province of Ogaden, which is populated by Somalis and which the last
Somali president, Mohamed Siad Barre, wanted to "liberate" ...
Sheik Sharif: ... but how can we question the internationally
recognized borders of Ethiopia when our own country of Somalia is
breaking up into several regions, where local interest groups have
grabbed power for themselves and can operate without any kind of
control? You don't need an intelligence service to figure out that
Ethiopia and Kenya, along with other countries in the region,
interfere pretty openly in Somalia's affairs. But the Somali people,
which right now is held together only by a common language and by
Islam, is no longer going along with them. The resistance against
the Ethiopians and their stooges in Somalia keeps spreading and will
sooner or later topple the regime.
SPIEGEL ONLINE: The Ethiopians marched in to keep Somalia from
turning into an Islamist state.
Sheik Sharif: That was a weak pretense which only complicated the
situation even further. We never intended to declare an Islamic
SPIEGEL ONLINE: But it was clear which way things were heading in
Somalia. Alcohol and music were outlawed and women had to wear
veils. Some of your coalition partners declared open sympathy with
the mujahedeen in Afghanistan. And didn't the terror network al-
Qaida gain a foothold in Somalia?
Sheik Sharif: That was an evil slander. Even if a few of our
comrades favored a strict interpretation of Islamic law, it was up
to the citizens to orient themselves toward Islamic custom according
to their own discretion. I was, and still am today, strictly against
giving asylum in Somalia to al-Qaida criminals and their kind.
SPIEGEL ONLINE: But that couldn't happen right now anyway, because
government troops still hold the reins of power.
Sheik Sharif: The government troops are fighting with their backs to
the wall. They control only 5 percent of the country's territory.
The Ethiopians, whose army composes the real backbone of the current
Somali government, are not very motivated. They are moving through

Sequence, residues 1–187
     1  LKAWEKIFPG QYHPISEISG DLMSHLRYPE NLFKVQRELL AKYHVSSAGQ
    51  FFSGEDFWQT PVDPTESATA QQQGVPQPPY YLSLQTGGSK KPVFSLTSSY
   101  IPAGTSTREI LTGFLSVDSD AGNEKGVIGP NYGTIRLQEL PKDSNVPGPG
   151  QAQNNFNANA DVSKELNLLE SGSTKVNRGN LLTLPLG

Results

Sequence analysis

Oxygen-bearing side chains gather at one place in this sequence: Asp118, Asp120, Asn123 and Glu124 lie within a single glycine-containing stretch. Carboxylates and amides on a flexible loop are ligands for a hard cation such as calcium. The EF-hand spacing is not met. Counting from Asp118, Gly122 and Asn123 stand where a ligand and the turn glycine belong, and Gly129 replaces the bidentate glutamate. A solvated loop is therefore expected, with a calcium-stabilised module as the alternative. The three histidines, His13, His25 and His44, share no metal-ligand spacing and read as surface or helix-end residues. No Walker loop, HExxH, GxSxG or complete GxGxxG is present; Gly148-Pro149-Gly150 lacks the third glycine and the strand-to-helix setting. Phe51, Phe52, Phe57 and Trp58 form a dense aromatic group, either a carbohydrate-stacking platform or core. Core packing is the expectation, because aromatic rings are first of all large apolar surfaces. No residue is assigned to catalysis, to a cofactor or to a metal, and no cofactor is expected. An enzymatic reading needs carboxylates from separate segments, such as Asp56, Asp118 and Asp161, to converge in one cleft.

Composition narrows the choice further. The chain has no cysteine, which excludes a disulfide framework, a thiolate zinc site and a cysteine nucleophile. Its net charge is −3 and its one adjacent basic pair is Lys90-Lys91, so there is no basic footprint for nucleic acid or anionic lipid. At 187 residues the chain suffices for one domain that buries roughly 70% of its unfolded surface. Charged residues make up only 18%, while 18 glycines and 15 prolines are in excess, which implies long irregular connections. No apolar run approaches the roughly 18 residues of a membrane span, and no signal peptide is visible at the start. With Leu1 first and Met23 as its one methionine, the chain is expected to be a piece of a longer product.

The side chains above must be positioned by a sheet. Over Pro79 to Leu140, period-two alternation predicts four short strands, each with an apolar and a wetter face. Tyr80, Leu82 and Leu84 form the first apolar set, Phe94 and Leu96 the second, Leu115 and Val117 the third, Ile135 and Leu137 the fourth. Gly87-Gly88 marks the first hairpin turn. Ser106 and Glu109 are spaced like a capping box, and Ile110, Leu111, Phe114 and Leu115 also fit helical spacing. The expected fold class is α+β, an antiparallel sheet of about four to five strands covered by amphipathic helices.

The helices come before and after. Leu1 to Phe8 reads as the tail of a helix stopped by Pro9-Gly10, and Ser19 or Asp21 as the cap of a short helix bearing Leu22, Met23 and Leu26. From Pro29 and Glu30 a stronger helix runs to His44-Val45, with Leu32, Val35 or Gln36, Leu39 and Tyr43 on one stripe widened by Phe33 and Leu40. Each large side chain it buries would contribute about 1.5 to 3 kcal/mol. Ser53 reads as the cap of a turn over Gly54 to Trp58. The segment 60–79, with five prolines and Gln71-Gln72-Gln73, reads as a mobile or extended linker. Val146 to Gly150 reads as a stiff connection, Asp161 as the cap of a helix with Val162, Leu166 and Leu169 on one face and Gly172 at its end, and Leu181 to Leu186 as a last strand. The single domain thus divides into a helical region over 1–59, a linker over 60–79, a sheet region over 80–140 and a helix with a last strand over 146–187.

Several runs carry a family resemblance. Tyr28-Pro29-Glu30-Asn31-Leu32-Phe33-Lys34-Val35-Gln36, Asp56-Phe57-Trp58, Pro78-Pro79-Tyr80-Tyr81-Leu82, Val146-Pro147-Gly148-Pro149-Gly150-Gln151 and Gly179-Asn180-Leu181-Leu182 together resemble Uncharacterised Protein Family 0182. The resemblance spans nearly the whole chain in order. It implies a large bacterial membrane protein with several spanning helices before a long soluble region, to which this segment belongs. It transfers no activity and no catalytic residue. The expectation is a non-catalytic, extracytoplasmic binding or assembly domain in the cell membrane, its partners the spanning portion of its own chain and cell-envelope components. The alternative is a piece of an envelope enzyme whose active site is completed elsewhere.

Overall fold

an occupied country, haphazardly murdering and pillaging, fully
aware that sooner or later they will have to leave. When the last
Ethiopian armored car leaves Somalia, the regime will collapse like
a house of cards. We are gaining territory every day -- it's only a
matter of time.
SPIEGEL ONLINE: That means the bloodshed will not end any time soon.
Is it true that Eritrea is providing you with weapons and money?
Sheik Sharif: Although Eritrea has experienced the expansionist and
racist regime in Addis Ababa at first hand, it is neither providing
us with weapons nor any other logistical support. We are surviving
because the Somali people are on our side. At first it was students
and shopkeepers who supported us, but now we are backed by every
social class. Our influence is growing inexorably.
SPIEGEL ONLINE: That sounds like wishful thinking. If you truly
wanted peace and democracy, wouldn't you ask the United Nations to
Sheik Sharif: If the international community simply opened its eyes
to the continuing violation of human rights in Somalia, and if it
were ready to make a fresh start here, we would of course welcome a
UN intervention. But that doesn't seem likely, unfortunately.
Nevertheless, I stick to my position that if, instead of trigger-
happy Ethiopian occupiers, we had neutral blue helmets here in our
oppressed country, who could make free elections possible and secure
a transition to a future of peace and reconstruction, we would
welcome them. The European Parliament in Strasbourg has already
taken the first step. It has imposed an arms embargo against the
current Somali government in protest against the violation of human
Interview conducted by Volkhard Windfuhr